Last week, amateur radio enthusiast Adrian Lane sent a call signal to the International Space Station. To his shock and delight, he got a reply. He chatted with an astronaut for about 45 seconds before the station went out of range.

Lane’s brief “phone call” with an actual astronaut in space garnered international media attention, but according to NASA, this kind of thing happens all the time. That’s because there’s a ham radio up on the space station, similar to the ones used by amateur radio enthusiast around the world. That means you, too, can try calling the station!

Ham radio refers to a set of radio frequencies allocated by the FCC for amateur enthusiasts. To get on the airwaves, you need a basic knowledge of radio technology and operating principles, and you need to pass a licensing test. US licenses are good for 10 years before renewal and come in three different classes: technician, general and extra. You can read about those different licenses here, or search for an amateur radio license class in your area here.

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Then you’ll need to get yourself some proper equipment. Read the Amateur Radio Relay League’s (ARRL) guide to learn all about selecting gear for your very first radio station. If you’re serious about calling an astronaut, you’ll also want to check out the Amateur Radio on the International Space Station (ARISS) page, which lists ham radio frequencies currently in use on board the ISS.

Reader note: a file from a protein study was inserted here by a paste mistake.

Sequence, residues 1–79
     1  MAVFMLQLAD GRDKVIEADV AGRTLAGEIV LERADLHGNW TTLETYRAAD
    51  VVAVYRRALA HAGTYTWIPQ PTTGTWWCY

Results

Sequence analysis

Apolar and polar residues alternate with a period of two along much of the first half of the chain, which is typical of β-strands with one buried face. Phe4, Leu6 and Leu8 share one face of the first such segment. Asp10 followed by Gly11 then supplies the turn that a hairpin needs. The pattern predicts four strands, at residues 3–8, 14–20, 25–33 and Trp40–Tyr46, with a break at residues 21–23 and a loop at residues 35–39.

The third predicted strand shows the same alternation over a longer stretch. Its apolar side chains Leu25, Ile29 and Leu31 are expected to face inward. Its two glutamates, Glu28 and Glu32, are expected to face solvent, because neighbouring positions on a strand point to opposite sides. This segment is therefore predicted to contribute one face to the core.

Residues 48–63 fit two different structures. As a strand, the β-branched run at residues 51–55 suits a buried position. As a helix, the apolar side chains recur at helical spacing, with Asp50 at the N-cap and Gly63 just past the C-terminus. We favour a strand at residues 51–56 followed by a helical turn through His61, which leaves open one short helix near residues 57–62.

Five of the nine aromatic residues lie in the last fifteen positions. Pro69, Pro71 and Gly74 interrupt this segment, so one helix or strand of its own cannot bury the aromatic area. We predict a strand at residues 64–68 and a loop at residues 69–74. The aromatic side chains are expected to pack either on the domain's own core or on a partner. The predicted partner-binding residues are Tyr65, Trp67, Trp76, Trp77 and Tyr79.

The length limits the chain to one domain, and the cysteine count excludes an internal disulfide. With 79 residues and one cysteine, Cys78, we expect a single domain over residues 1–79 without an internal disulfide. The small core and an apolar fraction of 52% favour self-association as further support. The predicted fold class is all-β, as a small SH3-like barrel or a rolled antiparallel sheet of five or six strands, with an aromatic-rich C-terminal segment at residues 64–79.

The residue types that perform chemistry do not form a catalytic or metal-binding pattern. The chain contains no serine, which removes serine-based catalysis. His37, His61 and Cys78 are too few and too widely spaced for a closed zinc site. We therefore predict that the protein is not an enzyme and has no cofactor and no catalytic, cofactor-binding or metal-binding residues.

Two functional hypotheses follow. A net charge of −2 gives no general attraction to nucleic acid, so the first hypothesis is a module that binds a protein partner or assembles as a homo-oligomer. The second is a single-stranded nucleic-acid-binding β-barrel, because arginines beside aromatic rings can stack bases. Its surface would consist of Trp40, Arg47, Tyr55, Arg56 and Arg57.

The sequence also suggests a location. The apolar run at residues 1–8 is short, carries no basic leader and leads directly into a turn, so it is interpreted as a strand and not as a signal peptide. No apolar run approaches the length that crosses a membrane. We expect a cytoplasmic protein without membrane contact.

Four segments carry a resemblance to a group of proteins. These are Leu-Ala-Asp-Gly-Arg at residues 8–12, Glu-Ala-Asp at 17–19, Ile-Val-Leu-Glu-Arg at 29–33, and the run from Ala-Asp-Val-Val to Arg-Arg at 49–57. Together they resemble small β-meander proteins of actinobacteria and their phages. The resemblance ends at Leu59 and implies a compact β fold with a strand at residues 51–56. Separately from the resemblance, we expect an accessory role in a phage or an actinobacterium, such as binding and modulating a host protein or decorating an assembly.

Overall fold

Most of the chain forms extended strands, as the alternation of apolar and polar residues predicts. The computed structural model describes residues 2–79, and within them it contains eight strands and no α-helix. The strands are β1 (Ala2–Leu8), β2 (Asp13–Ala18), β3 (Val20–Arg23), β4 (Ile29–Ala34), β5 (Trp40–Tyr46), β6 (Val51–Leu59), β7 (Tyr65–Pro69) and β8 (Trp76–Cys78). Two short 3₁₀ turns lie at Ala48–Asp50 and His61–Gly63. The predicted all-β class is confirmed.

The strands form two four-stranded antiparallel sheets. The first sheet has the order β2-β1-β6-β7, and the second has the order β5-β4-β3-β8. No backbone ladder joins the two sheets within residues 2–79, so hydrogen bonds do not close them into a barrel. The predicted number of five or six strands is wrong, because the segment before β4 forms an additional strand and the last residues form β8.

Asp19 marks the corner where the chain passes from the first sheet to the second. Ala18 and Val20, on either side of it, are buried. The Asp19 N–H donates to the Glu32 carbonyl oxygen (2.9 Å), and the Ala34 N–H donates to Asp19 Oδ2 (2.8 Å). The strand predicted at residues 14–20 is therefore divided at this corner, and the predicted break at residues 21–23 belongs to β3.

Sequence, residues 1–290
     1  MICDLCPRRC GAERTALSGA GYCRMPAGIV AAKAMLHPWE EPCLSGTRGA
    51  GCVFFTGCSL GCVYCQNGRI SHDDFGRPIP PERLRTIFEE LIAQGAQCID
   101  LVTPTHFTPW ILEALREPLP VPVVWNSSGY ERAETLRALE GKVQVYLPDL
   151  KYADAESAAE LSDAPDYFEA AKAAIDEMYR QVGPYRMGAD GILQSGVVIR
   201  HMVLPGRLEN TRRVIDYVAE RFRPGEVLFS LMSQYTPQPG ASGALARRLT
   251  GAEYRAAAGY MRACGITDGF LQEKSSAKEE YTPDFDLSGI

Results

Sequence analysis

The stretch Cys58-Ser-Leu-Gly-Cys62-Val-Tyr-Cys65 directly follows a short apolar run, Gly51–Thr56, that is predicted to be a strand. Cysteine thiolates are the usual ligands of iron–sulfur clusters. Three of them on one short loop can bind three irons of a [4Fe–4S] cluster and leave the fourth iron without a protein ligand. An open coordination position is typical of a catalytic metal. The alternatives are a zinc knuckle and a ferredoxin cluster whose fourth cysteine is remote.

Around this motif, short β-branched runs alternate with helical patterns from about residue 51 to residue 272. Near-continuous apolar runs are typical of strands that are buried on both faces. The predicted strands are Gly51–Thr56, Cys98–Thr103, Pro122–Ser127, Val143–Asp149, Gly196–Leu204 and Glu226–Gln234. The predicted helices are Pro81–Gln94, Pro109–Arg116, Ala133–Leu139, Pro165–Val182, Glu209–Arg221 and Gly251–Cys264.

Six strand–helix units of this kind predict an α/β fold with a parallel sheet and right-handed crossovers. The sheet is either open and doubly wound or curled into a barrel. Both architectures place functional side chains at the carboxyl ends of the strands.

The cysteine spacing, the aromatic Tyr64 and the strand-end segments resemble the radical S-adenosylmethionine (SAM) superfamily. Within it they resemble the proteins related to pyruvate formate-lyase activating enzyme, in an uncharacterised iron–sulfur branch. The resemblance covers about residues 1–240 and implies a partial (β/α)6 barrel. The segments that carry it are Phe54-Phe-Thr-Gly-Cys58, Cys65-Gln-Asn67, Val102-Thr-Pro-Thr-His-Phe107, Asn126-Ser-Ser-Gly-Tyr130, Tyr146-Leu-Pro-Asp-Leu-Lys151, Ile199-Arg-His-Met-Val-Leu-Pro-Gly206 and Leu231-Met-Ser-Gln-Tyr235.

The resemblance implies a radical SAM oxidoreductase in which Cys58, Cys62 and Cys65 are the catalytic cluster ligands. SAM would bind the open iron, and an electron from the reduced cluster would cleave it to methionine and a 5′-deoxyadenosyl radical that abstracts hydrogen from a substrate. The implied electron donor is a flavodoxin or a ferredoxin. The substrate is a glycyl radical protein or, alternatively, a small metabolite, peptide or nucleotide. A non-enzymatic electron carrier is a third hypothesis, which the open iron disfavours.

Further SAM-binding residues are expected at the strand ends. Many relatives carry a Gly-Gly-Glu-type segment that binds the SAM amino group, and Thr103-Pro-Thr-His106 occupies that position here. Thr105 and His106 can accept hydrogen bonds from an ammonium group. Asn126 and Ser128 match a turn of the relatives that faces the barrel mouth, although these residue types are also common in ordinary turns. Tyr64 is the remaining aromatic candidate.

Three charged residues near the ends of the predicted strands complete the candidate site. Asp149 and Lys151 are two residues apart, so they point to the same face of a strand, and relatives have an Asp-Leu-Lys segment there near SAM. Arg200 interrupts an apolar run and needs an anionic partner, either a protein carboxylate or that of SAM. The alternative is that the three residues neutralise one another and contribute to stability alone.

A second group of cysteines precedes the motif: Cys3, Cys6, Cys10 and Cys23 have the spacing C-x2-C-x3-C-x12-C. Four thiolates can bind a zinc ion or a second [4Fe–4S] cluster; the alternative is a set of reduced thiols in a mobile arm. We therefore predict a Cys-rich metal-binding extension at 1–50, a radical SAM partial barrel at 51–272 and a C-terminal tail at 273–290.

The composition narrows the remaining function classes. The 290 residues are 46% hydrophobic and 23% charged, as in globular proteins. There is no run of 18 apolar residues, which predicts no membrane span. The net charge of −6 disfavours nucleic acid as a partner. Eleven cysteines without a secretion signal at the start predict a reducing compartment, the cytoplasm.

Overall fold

Your best chance of making contact with the ISS is when it’s directly overhead. Public domain software is available to help you track the station, find out when it’ll be within range, and where to point your antenna. Here’s AMSAT’s popular pass prediction tool.

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Finally, you’ll want to take the schedules of the ISS crew into account. They’re busy men and women, and there’s no guarantee they’ll answer your call, you ham! Says the ARISS:

The work schedules of the ISS crew dictate when they are able to operate the radios. The crew’s usual waking period is 0730 - 1930 UTC. The most common times to find a crew member making casual periods are about one hour after waking and before sleeping, when they have personal time. They’re usually free most of the weekend, as well. (The current crew work schedule is published on the NASA website.)

If you do make contact with the ISS, drop us a line and let us know how it went! I heard rumors that space lettuce tastes like rocket, and I’d really like to get some confirmation on that.

[New York Times]


Contact the author at maddie.stone@gizmodo.com or follow her on Twitter.

Top image via NASA